Additionally, I'm learning that bisphosphonates are often used to prevent and treat bone mets, and that some clinical trials are showing them to be excellent at preventing or halting the progression of bone mets. I'm doing the bone strengtheners because of issues with osteoporosis, but I'm delighted that additionally they may fend off the beast.

Thursday, January 24, 2008

Follow up from last night's post

Here is the post I put on YSC today. I'm struggling with these questions. Anyone have answers for me?
So there I am, going along my merry way, 2.5 years NED, and these stupid thoughts are still driving me.

This year, my daughter turned 5 (yesterday). I threw her three parties (two down, one to go). First, a family party with family and family friends (a pool party); then, a PEPS party (a group we belong to with 7 families; we met when our kids were newborns and are very close); then, a "girlfriends" party with five of her best friends (that one will have traditional birthday games, a pinata, etc.). It's a bit much - heck, as a kid I didn't count on ONE birthday party, and my kid thinks that three is perfectly normal.

So as I was cleaning up last night after party number two, I was feeling exhausted and wondering why the hell we went so overboard.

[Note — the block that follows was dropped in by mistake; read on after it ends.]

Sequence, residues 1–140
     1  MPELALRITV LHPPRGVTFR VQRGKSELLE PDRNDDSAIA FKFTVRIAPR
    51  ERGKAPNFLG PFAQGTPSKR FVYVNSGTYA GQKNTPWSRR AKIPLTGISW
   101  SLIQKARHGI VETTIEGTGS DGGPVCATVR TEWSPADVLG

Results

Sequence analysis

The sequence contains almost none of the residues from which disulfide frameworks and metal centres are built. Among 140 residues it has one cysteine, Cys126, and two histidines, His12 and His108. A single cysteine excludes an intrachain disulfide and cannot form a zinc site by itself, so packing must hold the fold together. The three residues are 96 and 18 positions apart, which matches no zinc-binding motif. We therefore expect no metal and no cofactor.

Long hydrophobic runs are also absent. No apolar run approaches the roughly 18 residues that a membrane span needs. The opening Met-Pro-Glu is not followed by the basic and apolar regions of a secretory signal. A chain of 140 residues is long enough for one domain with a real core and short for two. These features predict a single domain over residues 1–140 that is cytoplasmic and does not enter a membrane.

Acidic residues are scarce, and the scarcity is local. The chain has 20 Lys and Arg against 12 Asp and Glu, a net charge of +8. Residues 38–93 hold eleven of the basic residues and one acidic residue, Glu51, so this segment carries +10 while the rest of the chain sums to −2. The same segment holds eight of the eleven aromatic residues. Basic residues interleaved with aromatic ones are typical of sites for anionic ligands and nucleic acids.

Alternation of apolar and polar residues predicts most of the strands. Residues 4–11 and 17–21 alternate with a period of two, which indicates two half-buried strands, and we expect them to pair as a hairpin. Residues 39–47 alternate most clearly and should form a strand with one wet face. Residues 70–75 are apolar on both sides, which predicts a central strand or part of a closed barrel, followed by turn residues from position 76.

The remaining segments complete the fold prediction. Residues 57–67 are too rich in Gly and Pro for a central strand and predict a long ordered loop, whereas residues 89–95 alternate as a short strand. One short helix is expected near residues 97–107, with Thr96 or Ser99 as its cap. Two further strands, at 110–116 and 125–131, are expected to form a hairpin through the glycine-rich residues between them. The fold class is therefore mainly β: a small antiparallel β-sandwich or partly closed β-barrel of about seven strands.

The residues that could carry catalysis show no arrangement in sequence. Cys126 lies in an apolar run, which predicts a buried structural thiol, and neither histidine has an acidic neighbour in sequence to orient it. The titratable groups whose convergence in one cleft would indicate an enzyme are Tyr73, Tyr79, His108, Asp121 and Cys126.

The answer struck me with complete clarity: if I won't get to see her 16th birthday party, at least I can throw her 16 parties. If I'm going to die, then I better give her every bit of love and adoration and "special" time possible before I go.

What the hell? I thought I was just having a good time with my child, and suddenly it occurs to me that I'm living my life as if I don't have much time left. When did that start? Am I still leading my life as a cancer victim, and not a survivor?

I really thought I was further along than this. It's so frustrating to find myself really stuck in these thoughts when I thought I was more at peace. Anyone else? How do I move on? What's your advice? Or is anyone struggling like this with me?